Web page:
and they have a PDF you can download of all parkland "including Grand Traverse County Parks, City of Traverse City Parks, and Grand Traverse Regional Land Conservancy Parks."

Very nice!

Friday, July 8, 2011

Colorado River's Big Sur

Is a standing wave that only occurs when the flow rate gets above 20,000 cfs.

It has been at about 30,000 cfs recently.

DenverPost reports: Once-in-a-generation wave continues in Debeque Canyon
With waves surging to nearly head high, strong surfers can ride the never-ending wave nonstop for more than an hour on uncrowded days.

[via AdventureJournal]

The article mentions a person who has made the 4-hour round-trip from Vail four times this month.

Message boards indicate people from Utah and Montana are making the trip to experience this wave. Even a person in Connecticut is going west to surf in the Colorado River.

This kind of dedication is why a whitewater park in downtown Traverse City seems like a great idea.

Batali Is Checking In

In an interview for Family Circle Magazine Mario Batali had this:
Favorite getaways: "We have a quiet vacation home in Michigan. I'll spend two months there over the summer without a cell phone or computer, golfing, swimming in the lake, and cooking for family and friends. It's heaven!

If you follow Chef Batali on twitter you'll see he's tweeting and checking-in to foursquare from Leelanau county on his iPhone, so the part about spending the summer without a cell phone or computer may not be quite accurate. Though an iPhone is so much more than a cell phone so technically he is correct, but who cares? - I'm just happy to see how he's spending his time in our part of Michigan.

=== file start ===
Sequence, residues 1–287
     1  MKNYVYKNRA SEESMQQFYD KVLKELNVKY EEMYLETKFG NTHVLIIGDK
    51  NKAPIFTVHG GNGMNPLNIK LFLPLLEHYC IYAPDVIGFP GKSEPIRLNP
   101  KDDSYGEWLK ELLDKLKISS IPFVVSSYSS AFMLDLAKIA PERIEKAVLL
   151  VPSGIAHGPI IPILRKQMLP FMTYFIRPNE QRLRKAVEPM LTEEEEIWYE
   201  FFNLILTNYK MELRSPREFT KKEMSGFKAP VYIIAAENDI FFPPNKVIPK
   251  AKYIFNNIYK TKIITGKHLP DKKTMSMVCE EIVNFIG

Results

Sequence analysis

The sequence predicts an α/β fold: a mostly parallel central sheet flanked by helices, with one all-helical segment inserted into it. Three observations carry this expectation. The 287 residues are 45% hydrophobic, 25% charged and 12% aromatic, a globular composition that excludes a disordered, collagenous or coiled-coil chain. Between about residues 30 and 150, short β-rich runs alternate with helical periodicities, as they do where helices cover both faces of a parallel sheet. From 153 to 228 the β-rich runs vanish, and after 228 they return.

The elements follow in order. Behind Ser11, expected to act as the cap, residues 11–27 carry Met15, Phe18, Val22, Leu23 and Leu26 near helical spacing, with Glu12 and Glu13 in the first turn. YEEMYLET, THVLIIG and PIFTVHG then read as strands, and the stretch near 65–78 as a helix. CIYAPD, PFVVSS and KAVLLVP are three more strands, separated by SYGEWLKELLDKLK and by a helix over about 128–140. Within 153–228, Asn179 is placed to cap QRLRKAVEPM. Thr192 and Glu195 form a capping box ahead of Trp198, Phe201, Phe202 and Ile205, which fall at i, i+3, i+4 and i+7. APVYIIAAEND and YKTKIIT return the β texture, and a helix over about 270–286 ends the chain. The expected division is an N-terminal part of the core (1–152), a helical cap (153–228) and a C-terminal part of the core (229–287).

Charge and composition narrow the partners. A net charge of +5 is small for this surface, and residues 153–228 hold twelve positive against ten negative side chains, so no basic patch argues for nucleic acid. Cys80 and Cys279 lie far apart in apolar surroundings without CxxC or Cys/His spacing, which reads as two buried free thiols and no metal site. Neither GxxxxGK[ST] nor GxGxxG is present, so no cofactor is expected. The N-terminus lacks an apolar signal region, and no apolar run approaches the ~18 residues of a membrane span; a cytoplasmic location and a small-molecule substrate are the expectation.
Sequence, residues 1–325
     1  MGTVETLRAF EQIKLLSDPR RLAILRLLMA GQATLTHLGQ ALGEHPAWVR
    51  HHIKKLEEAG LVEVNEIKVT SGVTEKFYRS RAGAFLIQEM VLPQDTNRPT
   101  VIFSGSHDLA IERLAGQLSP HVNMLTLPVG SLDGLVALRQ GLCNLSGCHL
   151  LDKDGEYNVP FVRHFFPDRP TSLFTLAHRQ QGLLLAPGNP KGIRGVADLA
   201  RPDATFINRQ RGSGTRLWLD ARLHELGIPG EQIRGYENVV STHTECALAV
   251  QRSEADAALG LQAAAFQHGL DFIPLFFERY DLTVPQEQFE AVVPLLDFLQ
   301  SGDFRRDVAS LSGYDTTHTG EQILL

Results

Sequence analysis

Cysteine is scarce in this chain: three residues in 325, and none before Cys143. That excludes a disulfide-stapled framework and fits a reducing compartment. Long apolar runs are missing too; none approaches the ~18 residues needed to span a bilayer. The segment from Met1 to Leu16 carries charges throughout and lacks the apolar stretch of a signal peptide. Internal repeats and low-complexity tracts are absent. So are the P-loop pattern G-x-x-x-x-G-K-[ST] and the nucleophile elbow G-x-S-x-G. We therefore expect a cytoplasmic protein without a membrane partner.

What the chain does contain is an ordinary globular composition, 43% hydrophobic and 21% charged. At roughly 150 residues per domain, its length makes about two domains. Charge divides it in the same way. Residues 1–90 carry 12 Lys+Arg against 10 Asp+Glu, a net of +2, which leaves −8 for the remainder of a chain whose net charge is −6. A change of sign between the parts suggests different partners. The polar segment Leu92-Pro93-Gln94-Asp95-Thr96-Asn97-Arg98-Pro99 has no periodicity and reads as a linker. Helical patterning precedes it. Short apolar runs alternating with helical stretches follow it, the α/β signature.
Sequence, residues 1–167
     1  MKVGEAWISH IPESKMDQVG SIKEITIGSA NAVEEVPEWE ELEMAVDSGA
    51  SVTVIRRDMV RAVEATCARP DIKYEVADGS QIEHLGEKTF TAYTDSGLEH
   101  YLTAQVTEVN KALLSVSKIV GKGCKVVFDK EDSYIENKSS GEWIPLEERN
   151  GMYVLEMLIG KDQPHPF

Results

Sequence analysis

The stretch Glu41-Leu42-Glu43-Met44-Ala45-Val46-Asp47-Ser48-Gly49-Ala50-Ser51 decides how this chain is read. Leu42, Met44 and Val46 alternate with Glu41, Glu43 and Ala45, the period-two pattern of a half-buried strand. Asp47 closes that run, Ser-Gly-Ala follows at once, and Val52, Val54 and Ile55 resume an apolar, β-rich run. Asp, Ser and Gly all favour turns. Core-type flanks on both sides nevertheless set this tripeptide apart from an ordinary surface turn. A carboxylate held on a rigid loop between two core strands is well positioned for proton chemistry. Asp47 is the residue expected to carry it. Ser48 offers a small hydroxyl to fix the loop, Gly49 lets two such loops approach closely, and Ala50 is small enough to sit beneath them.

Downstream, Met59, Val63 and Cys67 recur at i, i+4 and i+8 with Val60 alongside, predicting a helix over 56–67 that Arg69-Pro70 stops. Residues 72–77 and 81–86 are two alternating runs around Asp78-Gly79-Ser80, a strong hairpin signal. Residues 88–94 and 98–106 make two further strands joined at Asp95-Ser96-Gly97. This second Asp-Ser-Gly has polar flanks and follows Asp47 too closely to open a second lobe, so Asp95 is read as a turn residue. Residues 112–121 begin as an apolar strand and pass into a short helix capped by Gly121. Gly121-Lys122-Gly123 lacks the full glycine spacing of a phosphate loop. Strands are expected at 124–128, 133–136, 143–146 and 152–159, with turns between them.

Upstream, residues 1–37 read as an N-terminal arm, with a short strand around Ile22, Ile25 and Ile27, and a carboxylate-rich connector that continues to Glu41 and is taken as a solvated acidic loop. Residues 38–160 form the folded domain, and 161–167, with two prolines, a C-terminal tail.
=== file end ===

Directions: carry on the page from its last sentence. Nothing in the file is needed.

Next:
Friday, July 1, 2011

The Sara Hardy Downtown Farmer's Market Is Moving For Cherry Festival

Just as it always does, but this year to the Old Town Parking Deck.

A move I am quite excited to see as I have told people in the past that I think the parking decks can be used for functions other than parking.

My hypothesis is it'll be a great location for the Farmer's Market as there is built-in parking, coverage for people to get out of the elements, and it is still close to downtown. Other cities use their parking decks for the Farmer's Market so I am interested in seeing how this experiment turns out.

See you Saturday morning!

Monday, June 27, 2011

A Great Lakes Experience

Is Unsalted - A documentary on surfing the Great Lakes.

There are people who don't mind driving eight hours for maybe three hours of potential surfing.

Via Adventure Journal: More Core than Core: Surfing the Great Lakes

But a whitewater park provides steady conditions year-round and can be designed to accommodate surfers.

A whitewater park would give Traverse City another destination experience.

Friday, June 24, 2011

Your Speed

Is based on a feedback loop.

And you can be made to decrease your speed by 10% without even realizing it.

This is why a 'Your Speed' radar display is going up on W Front St.

Wonder how this works?

See Wired: Harnessing the Power of Feedback Loops

If you like this kind of thing then pick up a copy of the book Nudge.

1000 To 50

1000 commercial fishing licenses in Michigan to 50 today according to the Environment Report series Swimming Upstream which is investigating why it is so hard to find Great Lakes fish at your local market or restaurant. has more on Petersen Fisheries which is featured in the IPR story.

The next episode is about selling fish at the local Farmer's Market and how successful that has been for The Fish Monger's Wife.

So the next steps seems obvious, a CSF.

Community Supported Fisheries act like a CSA and allow you to get your fish directly, without a middleman. It means jobs for commercial fishers and fresh fish for consumers.

The most recent CSF I have read about is Off The Hook CSF in Halifax.

Wednesday, June 22, 2011

From Omaha to Old Town